A Thought on Searching Random Lists

Consider searching a random list.  Suppose it has 2^10 elements,
and we have only 10^2 peeks.  Suppose the problem is to see if
any of the numbers in the list is zero.  If it is known in
advance which 10^2 elements will be inspected, then we can
simply present our search with a list where there is a single
zero in one of the 2^10-10^2 places not inspected.  Then
our search will fail to find an example of a zero, despite
it being certain that there is one there.  This is the essence
of how you show that P does not equal NP.

The issue we must then consider is whether it is feasible to
create such a scenario. The issue of whether genuine randomness
exists is a philosophical one. The issue of whether an algorithmic
test for randomness can be passed by non-random data is another one.
By non-random data here I mean the output of a deterministic

This is really just a more complicated version of the old problem
of solving equations (and is in principle identical to it). Given
a deterministic procedure for mapping an input number to an output
number, each potential output number gives us a decision problem
of the form: `does there exists an input to this procedure with
that output'. In the case of cryptographic hashing functions, we
can simply add without carry (that is, modulo 2^64 on a 64bit processor)
to get an equivalently complex hashing function so that this
problem is essentially the same as whether a given hashing function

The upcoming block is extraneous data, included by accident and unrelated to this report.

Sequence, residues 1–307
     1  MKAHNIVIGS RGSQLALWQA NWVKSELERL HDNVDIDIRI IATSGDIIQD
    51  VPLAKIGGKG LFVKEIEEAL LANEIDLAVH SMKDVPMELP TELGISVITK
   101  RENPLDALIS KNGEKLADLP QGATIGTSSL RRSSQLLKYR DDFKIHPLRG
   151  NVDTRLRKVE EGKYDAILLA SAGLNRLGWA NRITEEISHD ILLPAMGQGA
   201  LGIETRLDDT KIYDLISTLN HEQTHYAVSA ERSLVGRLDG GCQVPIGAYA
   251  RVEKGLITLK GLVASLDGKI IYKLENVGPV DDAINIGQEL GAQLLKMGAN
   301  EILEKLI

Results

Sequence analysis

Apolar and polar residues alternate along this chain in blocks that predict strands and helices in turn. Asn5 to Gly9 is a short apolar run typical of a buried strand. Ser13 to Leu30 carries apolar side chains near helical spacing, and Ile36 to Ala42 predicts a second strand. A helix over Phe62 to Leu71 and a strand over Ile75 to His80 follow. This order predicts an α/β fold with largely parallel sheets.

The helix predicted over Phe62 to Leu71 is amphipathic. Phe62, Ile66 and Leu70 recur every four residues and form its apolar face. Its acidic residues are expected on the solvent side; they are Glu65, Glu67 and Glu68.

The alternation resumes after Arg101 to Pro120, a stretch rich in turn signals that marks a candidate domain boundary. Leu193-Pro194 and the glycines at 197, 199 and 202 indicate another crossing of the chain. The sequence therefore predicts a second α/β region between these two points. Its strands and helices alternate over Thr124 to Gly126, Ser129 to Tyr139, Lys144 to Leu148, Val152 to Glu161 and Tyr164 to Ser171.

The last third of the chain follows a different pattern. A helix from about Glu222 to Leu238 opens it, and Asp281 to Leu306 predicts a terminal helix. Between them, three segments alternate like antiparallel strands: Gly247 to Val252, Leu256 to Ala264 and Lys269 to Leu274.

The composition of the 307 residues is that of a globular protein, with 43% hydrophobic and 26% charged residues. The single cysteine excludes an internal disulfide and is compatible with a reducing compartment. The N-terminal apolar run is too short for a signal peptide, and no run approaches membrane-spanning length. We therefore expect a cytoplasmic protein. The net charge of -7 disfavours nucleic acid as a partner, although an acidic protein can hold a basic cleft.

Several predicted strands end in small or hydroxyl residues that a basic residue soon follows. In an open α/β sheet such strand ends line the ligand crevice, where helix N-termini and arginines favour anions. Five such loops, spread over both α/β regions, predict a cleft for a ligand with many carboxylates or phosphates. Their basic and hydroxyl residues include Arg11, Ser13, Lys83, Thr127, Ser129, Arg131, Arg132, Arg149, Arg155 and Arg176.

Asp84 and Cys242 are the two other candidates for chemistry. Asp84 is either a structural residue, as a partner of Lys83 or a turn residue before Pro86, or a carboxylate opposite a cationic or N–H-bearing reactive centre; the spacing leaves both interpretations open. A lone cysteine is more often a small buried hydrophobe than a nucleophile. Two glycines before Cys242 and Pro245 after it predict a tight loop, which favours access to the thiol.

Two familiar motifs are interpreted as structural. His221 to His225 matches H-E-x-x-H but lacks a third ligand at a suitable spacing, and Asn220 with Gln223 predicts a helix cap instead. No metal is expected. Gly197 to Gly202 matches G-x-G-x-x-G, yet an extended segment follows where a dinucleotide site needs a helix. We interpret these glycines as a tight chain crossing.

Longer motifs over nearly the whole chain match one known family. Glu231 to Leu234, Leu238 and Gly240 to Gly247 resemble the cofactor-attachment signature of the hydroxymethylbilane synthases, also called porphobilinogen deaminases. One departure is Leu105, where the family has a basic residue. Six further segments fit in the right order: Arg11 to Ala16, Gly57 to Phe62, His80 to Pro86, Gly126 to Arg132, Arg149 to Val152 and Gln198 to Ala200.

will ever generate zero output (or equivalently
generate zero output for nonzero input).

If we have an algorithm which can only search 64^3 possible inputs,
we can form an equivalently complex algorithm which is guaranteed
to fail by simply permuting the input space so that the desired
output is not one of the 64^3 guesses.

Thus given a polynomial time solution to an NP-complete problem,
we can try to use this algorithm A to solve the 'does this hash
ever output zero' problem, set the input size large enough,
and brute force an input for which A cannot get the right answer,
for the reason that we can exhibit two distinct inputs, both
of which will cause A to run through the same computation, but
for which the actual answer to the decision process is different.
For a more precise answer, there will be an effective method which,
given a putative P=NP algorithm, will (by repeatedly simulating
this algorithm on all possible inputs and inductively constructing
a pathological case) generate an input for which it makes a mistake.
In short, choose a hash with an image significantly larger than
the number of steps our polynomially bounded P=NP algorithm takes.